When I hear bad news, my first inclination is to eat. While that’s perhaps not the most constructive way to deal with stress, it does make life better, at least temporarily. Some people like to indulge in sweet things when they’re feeling anxious, but I’ve always leaned towards the savory. I’ll take starch over sugar any day.
Recent events had me feeling out of sorts, and true to my nature I wanted a comforting dish. My first thought was to make macaroni and cheese, but I checked my inbox and saw a letter from a reader inquiring if I had a recipe for green chile corn casserole to share. He explained that he’d been craving it, and since he had lots of sweet corn and Hatch chiles, he wanted to put to them to good use.
Corn casserole or corn pudding, as it’s traditionally known, is an old Texan favorite. While these days we typically think of pudding as being dessert, hundreds of years ago it was defined as a dish thickened with grains, which meant puddings could be both sweet and savory.
Early Texan recipes for corn pudding were made with only corn, eggs, and cream with maybe a touch of sugar. Along the way, however, recipes evolved and people started adding aromatics, cornmeal, cheese, and sometimes even chiles, too. Indeed, when all those ingredients come together, it does make for solace in a dish. My reader had the right idea, and I knew what I would make.
For my green chile corn pudding, I started with a Taylor County recipe from the late 1800s that called for corn, eggs, butter, and cream. Using that as my base, I took the lead from other recipes and added a little bit of cornmeal to thicken the custard. I added some garlic and spices for more flavor and then threw in roasted green chiles for a touch of earthy heat. To finish, I topped the casserole off with Monterey Jack cheese.
The result was like a happy marriage between quiche and creamed corn, with the sweet corn and green chiles nestled in a cheesy, custardy base. Each bite was soft and yielding, but there was enough fire and spice to keep things interesting. Likewise, it was luxurious without being heavy and it took little time to make, all of which made it terrific for late summer. This was Texan comfort food at its finest.
Typically, corn puddings are served as a side, though it works well as a light main dish, too. And while it’s not traditional breakfast fare, I find it delicious in the mornings, either warm or cold. But no matter if you’re looking for a way to use up an abundance of corn and green chiles, or simply seeking some cheer in a dish, this green chile corn pudding has just what you need.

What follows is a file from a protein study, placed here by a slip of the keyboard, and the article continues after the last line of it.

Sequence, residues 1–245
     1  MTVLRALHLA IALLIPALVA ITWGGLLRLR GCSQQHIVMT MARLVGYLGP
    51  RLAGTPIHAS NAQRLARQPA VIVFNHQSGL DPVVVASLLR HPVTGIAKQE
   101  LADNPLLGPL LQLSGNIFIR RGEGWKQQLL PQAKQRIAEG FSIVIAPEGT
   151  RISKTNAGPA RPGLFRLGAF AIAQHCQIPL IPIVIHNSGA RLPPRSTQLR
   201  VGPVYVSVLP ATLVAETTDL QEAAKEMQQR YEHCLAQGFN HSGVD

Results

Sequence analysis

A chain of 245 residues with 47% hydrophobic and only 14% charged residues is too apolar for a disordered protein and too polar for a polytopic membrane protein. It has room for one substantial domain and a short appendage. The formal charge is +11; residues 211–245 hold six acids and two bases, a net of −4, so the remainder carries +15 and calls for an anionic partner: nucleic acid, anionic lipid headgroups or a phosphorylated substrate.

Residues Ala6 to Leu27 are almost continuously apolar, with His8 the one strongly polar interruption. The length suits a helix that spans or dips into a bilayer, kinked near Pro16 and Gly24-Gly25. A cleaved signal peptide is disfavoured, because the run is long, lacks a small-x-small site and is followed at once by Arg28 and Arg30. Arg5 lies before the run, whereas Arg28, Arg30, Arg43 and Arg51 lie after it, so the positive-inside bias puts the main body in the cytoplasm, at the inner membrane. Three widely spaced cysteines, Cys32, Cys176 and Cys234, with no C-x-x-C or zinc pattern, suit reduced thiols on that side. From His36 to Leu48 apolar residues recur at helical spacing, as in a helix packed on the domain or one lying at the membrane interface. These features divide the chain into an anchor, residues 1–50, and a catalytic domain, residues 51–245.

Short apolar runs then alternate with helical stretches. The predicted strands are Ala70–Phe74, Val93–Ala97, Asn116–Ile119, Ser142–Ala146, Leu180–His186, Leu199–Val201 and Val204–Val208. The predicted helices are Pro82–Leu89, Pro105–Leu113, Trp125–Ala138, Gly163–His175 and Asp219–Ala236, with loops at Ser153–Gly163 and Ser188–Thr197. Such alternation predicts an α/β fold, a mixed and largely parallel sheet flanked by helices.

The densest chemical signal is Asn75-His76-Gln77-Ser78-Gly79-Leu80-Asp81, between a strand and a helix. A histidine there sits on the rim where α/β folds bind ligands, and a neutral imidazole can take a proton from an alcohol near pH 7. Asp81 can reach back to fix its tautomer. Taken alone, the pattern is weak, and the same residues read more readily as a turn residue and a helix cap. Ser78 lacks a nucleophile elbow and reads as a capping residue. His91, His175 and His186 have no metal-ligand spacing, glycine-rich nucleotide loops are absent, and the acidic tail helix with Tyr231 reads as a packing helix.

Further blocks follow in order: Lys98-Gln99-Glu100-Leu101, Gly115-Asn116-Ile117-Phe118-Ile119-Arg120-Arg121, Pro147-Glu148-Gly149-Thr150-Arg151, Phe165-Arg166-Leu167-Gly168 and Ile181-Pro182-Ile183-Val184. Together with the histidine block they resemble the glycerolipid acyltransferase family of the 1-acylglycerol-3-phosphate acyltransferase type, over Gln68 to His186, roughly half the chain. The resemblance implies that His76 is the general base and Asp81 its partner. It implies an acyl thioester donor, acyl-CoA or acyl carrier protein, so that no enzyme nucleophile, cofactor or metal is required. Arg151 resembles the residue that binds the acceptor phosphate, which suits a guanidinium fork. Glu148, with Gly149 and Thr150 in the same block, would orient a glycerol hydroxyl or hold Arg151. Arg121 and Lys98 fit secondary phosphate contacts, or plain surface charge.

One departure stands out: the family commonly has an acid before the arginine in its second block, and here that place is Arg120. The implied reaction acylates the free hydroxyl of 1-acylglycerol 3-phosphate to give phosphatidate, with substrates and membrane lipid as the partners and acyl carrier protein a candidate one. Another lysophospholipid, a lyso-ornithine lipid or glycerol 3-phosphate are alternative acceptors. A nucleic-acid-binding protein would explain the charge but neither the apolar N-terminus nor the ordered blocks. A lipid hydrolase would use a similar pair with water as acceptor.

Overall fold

2 Hatch, Anaheim, or Poblano chiles
2 tablespoons unsalted butter
3 ears of corn, kernels removed or 2 cups fresh corn kernels
2 cloves garlic, finely minced
2 tablespoons chopped cilantro, plus more for garnishing
3/4 teaspoon kosher salt
1/2 teaspoon ground cumin
Pinch of cayenne
1 1/2 cups (6 ounces) shredded Monterey Jack or pepper Jack cheese
1/2 cup cornmeal
1 teaspoon baking powder
2 large eggs, beaten
1 cup half and half
Roast the Hatch, Anaheim, or Poblano chiles under the broiler until blackened, about 5 minutes per side. Place the chiles in a paper sack or plastic food-storage bag, close it tight and let the chiles steam for 20 minutes. After the chiles have steamed, remove from the bag and rub off the skin. Remove the stems and seeds from the chiles and dice.
When the chiles are ready, preheat the oven to 350°F.
In a large ovenproof skillet, preferably a 10-inch cast-iron skillet, on low heat melt the butter. (If you don’t have an ovenproof skillet, lightly grease a 9-inch square-baking dish for the pudding, and melt the butter in a saucepan.) Once the butter has melted, turn off the heat and swirl the butter around the base of the skillet and the sides to lightly grease it.
In a large mixing bowl, stir together the diced chiles, corn, garlic, cilantro, salt, cumin, cayenne, melted butter, and 1/2 cup of the Monterey Jack cheese. Taste and adjust seasonings. Stir in the cornmeal and baking powder. Whisk together the eggs and half and half, and then pour them over the corn. Stir until everything is well combined.
Pour the corn mixture back into the skillet (or a baking dish if using that instead) and sprinkle evenly over the top the rest of the cheese. Bake uncovered for 30 to 35 minutes or until the edges are lightly browned and the custard is set. (The color may be a little lighter in the center, but that’s okay.) Allow the pudding to rest int the skillet for 15 minutes. Garnish with cilantro before serving.